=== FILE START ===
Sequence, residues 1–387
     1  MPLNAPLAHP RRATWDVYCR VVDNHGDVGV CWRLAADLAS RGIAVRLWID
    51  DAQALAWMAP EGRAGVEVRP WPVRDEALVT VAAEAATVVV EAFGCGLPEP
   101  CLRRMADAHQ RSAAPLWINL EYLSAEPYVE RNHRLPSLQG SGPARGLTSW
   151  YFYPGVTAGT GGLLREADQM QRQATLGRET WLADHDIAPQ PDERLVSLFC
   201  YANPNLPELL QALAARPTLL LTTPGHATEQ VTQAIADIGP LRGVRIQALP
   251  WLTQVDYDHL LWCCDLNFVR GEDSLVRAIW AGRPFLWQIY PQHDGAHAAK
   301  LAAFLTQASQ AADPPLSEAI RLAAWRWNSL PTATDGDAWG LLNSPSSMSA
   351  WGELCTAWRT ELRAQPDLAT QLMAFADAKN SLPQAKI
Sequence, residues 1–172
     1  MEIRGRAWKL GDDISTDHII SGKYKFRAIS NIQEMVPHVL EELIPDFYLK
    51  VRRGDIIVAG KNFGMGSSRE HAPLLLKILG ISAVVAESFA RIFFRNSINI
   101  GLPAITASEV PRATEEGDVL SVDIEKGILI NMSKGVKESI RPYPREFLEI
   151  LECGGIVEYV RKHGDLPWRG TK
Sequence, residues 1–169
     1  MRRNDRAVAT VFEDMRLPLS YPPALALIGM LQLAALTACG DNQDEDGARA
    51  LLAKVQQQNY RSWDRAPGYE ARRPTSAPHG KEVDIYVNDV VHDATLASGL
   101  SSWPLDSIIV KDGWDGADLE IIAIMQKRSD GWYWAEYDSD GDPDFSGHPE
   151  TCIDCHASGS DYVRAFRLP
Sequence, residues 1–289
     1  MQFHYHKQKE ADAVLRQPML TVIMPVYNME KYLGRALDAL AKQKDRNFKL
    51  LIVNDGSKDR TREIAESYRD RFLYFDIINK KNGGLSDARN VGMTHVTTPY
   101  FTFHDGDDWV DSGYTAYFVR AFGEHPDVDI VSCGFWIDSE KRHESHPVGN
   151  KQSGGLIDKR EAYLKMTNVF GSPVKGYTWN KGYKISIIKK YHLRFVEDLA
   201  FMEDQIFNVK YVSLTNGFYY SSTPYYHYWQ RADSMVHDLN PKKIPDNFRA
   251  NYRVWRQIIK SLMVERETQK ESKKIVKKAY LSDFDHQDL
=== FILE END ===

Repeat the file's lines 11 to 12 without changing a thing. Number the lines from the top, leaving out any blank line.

     1  MEIRGRAWKL GDDISTDHII SGKYKFRAIS NIQEMVPHVL EELIPDFYLK
    51  VRRGDIIVAG KNFGMGSSRE HAPLLLKILG ISAVVAESFA RIFFRNSINI